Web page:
In the past, component suppliers tended to be squeezed whilst the branded manufacturers of physical “things” such as aircraft engines, cars, fridges, washing machines and watches used to take the cream of industry profits, because they controlled the entire production process. As we move towards IoT, even the leading manufacturers will get squeezed at both ends of the value chain. At the input end, much of the value is moving towards “smart” component makers who make the sensors and microcontrollers that enable connectivity. At the output end, much of the value is moving towards the cloud services companies who control the apps that provide after-sales services and the smart hubs that monitor the device.
A major source of the streaming data that powers IoT comes from sensors. Connected things will carry a host of sensors, including accelerometers, heat and humidity components, pressure components, cameras and microphones. Some industries, like automobiles and manufacturing, will move faster than others, although retail, utilities and logistics are catching up rapidly. In the early years of this transition, the sensor-makers may see competitive power shift to them as it has done in the automobile sector.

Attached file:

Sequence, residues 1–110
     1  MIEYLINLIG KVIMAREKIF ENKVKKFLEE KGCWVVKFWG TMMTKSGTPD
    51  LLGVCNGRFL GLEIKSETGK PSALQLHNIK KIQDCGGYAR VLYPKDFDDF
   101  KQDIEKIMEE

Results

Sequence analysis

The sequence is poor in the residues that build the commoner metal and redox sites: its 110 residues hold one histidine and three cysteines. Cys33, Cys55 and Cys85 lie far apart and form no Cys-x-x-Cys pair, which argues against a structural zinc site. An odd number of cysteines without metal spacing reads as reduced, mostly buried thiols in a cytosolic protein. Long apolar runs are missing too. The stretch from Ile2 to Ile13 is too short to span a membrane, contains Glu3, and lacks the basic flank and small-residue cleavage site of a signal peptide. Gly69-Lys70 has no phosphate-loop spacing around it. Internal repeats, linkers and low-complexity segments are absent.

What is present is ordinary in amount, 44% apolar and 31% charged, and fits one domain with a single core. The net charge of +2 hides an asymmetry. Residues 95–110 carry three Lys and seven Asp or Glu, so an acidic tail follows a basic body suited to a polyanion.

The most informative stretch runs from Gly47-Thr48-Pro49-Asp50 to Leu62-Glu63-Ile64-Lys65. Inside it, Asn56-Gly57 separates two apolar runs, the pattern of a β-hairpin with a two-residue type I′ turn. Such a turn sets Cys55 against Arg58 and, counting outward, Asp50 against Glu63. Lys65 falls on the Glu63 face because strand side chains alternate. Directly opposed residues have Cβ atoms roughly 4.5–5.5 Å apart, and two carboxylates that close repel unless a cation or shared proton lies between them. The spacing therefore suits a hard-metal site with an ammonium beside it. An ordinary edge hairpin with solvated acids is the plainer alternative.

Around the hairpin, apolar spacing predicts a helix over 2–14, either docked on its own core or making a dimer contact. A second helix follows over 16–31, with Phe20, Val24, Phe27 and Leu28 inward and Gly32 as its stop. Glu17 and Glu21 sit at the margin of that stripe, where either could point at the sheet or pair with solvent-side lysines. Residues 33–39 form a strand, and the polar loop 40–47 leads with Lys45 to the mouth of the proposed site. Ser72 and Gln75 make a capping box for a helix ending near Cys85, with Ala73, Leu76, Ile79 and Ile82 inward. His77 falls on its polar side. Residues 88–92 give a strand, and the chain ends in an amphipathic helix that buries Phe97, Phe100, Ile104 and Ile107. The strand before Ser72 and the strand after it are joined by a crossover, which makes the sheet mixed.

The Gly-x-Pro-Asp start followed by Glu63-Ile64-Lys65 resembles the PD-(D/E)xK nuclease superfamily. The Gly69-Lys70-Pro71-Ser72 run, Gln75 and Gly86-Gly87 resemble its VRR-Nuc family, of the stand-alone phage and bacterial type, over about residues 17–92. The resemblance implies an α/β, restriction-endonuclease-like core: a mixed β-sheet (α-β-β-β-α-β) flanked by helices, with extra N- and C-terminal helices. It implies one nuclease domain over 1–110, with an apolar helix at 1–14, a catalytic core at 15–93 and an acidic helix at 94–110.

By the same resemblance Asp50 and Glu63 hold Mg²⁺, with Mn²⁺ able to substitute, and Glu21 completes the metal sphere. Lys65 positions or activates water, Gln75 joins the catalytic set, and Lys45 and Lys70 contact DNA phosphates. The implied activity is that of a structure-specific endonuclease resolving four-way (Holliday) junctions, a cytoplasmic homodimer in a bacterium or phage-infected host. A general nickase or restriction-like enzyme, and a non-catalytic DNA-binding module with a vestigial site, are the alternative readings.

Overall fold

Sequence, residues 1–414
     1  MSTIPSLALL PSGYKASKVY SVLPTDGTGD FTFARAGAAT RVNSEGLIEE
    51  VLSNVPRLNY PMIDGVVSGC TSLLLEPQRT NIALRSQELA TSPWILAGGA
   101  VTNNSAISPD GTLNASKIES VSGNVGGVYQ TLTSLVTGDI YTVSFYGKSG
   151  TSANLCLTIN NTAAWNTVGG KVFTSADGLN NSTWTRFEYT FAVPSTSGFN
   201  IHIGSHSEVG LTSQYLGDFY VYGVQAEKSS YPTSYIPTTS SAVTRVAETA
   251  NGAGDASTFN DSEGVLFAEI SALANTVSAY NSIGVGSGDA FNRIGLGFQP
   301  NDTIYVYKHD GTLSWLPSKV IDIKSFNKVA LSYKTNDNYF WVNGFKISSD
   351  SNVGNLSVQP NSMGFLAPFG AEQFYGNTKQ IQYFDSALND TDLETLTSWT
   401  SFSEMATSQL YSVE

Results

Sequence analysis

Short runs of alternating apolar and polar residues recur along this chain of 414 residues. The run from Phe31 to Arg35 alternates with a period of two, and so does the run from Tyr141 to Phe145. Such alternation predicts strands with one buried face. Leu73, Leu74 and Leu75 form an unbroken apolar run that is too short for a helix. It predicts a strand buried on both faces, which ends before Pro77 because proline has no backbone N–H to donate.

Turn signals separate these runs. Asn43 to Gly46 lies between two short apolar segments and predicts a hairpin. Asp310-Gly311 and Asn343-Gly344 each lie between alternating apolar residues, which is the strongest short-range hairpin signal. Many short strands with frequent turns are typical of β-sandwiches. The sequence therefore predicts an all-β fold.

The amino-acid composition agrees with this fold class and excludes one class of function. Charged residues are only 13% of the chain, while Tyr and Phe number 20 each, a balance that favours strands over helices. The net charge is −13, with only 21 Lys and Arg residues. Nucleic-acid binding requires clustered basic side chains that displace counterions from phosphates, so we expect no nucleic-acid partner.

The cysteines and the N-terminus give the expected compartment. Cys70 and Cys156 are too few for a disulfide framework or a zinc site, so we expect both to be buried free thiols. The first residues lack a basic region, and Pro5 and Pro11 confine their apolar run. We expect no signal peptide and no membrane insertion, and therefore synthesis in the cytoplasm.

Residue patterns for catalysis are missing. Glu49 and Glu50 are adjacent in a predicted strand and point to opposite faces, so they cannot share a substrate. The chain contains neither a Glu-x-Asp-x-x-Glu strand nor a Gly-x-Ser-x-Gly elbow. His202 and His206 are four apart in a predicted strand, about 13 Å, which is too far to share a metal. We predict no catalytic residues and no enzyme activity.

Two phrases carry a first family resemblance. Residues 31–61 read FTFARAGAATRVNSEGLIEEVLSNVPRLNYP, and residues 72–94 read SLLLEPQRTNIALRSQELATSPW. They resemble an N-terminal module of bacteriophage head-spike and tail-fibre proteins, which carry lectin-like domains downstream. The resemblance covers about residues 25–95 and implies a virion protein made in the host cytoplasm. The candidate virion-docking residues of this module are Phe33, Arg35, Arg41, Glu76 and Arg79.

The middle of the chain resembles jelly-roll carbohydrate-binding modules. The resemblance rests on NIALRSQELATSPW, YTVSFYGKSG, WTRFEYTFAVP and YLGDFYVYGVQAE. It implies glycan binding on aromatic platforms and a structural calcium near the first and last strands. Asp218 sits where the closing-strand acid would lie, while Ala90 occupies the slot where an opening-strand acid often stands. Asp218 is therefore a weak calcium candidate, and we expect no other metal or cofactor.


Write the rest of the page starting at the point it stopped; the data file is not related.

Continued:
There is a trend towards multiple sensor capabilities in a single connected device, so microcontroller units, which tell these sensors what to do, are getting more complex.
The State of Technology This Week
There is no common interconnection standard for IoT. As a result, manufacturers who wish to connect their products are forced to use communications chips with several wireless technologies, including 3G, 4G, Wi-Fi, Bluetooth, and iBeacon. Low Power Wide Area (LPWA) technologies also play an important role in opening up new low-bandwidth IoT applications across all major verticals.
AI and machine learning
Data collection, processing, storage and analytics are only the beginning of making data usable and actionable and making IoT projects transformational. AI or cognitive processing engines offer natural language processing (NLP), machine learning (ML), and image and text analytics to enrich IoT apps. IoT data can be used to understand current conditions and trends, comprehend unstructured data from videos and images, and mine unstructured textual data for insights. Advanced AI capabilities also enhance the levels of automation offered to industrial IoT, increasing the flexibility of manufacturing processes and safeguarding against unwanted costs.
While traditional relational databases will continue to hold their place at the heart of most business systems, they face competition in new IoT application domains. Many organizations use open source frameworks to process Big Data and a crop of high-performance time series databases are emerging.